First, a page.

The question is where all that uranium will come from. Currently, the United States gets the vast majority of its uranium from abroad, and the only mines in the country are west of the Mississippi. But geologists suspect that the Coles Hill deposit is not isolated. Scientists argue about the origins of the ore, but it’s most likely a remnant of the same ancient tectonic processes that created the Triassic Basins--meaning that there could be similar deposits up and down the East Coast. Robert Bodnar, a geochemistry professor at Virginia Tech, has spent the last two years studying how the uranium got to Coles Hill. “I think there’s a very high probability that there are other deposits of the same size, same grade, as Coles Hill located in the eastern United States,” he told me. If he is right, if what’s underneath Coles Hill isn’t just some geologic anomaly, but rather the tip of a much larger potential source of energy and wealth, then it means that many East Coast communities could soon be in for the same sort of political donnybrook that has been unfolding in Pittsylvania County ever since 2007--the year Walter Coles decided it was time to try, once again, to do something with all that uranium.

Coles returned to the family farm in 2004, after serving several decades overseas with the U.S. Agency for International Development. He worked to win hearts and minds in Vietnam--where he’d earlier fought as a military pilot--and promoted privatization in Moscow following the fall of the Soviet Union. During his final stint abroad, in Afghanistan, some officials from Hamid Karzai’s government came to seek Coles’s advice. They said that a group of French investors had arrived in the country to search for uranium. That got Coles thinking. Uranium prices were starting to rise from a deep trough, spurred by increased demand for nuclear power and the impending expiration in 2013 of the Megatons to Megawatts program, under which the United States and Russia had agreed back in 1993 to turn old Soviet atomic-weapons stockpiles into commercial reactor fuel. The cost of a pound of uranium went from $20 in 2004, to $30 in 2005, to $40 at the beginning of 2006.

So it’s not surprising that, when Coles retired to Virginia, mining companies were waiting for him. “They’d show up on the doorstep and say, ‘Well, here’s this farmer here, we can do a quick deal with him and get control of his ore body,’” Coles recalls. The world uranium market is dominated by a handful of multinational mining companies; Coles says every one of them stopped by. Right in his parlor, one offered him and a neighbor checks made out for a million dollars--and, when he held out, countered with a sum many times larger. But Coles, whose father had leased the rights to the minerals beneath the family’s land to Marline back in the 1970s, had a different idea for how he was going to handle the uranium this time around. “That’s the point that I decided, if it was going to be done, I was going to form my own company and do it in a way that I could assure that the interests of the community would be utmost,” Coles told me. He got some neighboring landowners to join him. His son Walter Jr., who was working in New York as an energy sector analyst at a hedge fund, started passing around a dissertation that a Virginia Tech graduate student had written a few years before, analyzing the size and grade of the Coles Hill deposit. One copy ended up with Peter Grosskopf, president of a Canadian firm called Cormark Securities, who helped Coles and his family raise $22 million in private investment for their new company, Virginia Uranium.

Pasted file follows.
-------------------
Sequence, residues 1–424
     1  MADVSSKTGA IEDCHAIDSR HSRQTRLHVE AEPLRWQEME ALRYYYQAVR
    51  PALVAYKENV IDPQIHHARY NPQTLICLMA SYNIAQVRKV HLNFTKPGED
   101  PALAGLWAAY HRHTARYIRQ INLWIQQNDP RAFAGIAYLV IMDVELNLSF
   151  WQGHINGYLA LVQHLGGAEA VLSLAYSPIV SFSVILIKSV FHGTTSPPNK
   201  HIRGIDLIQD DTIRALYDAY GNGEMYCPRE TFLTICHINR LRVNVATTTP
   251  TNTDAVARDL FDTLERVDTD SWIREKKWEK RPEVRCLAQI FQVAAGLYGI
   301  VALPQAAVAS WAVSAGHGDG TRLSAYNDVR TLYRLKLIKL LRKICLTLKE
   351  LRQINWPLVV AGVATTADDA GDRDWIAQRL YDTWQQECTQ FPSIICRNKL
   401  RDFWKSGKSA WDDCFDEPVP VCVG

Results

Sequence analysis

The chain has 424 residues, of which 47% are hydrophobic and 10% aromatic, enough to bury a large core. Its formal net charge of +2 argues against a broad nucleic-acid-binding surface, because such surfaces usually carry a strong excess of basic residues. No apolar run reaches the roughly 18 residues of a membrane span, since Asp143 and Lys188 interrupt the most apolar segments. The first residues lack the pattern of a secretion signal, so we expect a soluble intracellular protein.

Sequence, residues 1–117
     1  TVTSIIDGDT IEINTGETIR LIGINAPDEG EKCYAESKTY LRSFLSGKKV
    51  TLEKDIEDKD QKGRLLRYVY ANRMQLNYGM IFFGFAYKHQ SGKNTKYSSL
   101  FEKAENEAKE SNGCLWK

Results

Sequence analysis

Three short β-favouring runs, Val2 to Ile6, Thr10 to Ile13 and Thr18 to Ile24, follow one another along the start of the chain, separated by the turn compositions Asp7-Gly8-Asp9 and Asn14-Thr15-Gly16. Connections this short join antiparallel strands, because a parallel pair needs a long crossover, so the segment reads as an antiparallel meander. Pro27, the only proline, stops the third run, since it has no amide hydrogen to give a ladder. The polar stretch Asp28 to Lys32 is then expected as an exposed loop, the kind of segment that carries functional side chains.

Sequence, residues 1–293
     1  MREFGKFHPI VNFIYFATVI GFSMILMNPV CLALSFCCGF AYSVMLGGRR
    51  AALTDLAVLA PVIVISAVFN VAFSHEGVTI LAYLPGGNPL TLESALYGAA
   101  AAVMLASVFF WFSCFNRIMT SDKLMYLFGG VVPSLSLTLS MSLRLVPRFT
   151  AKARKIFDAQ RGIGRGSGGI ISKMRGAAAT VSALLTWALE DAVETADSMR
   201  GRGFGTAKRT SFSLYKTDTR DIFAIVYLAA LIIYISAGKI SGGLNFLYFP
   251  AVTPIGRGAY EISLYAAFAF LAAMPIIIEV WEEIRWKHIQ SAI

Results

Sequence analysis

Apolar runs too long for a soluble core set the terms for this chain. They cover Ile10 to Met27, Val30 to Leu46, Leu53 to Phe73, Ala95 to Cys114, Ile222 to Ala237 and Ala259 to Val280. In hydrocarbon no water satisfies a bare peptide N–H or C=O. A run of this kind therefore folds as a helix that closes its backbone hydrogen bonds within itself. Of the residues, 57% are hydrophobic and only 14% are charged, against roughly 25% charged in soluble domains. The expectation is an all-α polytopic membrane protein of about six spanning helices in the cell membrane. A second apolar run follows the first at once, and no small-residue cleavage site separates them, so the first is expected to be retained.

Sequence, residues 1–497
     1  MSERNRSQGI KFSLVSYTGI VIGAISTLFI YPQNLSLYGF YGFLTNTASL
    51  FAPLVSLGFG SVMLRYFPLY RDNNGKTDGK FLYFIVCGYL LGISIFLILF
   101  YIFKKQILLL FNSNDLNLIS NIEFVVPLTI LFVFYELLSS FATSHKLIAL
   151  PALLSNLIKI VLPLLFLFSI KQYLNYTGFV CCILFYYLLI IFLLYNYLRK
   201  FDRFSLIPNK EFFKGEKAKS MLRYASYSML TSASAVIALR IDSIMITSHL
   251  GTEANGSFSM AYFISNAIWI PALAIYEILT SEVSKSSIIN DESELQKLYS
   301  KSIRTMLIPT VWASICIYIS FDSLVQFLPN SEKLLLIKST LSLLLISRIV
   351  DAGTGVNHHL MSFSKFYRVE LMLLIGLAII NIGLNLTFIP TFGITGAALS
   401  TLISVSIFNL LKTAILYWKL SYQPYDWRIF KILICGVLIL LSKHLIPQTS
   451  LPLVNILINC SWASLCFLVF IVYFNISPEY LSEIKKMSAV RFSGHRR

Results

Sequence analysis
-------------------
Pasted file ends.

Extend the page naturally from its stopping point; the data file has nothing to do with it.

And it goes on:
At the time, early 2007, the uranium market was going through the roof. Driven in part by curbs on supply, such as an accident that disabled a big new Canadian mine, in part by a wider energy boom, and in part by raw speculation by hedge funds, the market price of uranium raced from $45 per pound in June 2006 to $136 per pound the following summer. At that valuation, the ore under Coles Hill was worth more than $16 billion. The company hired a staff, headed by Norman Reynolds, a former top Marline executive who’d stayed in Virginia, and began gearing up for an initial public offering. Uranium was about to make the Coles family very rich. There was just one problem: The mining moratorium signed by Governor Robb back in 1982 was still in force. And many of Coles’s neighbors were determined to keep it that way.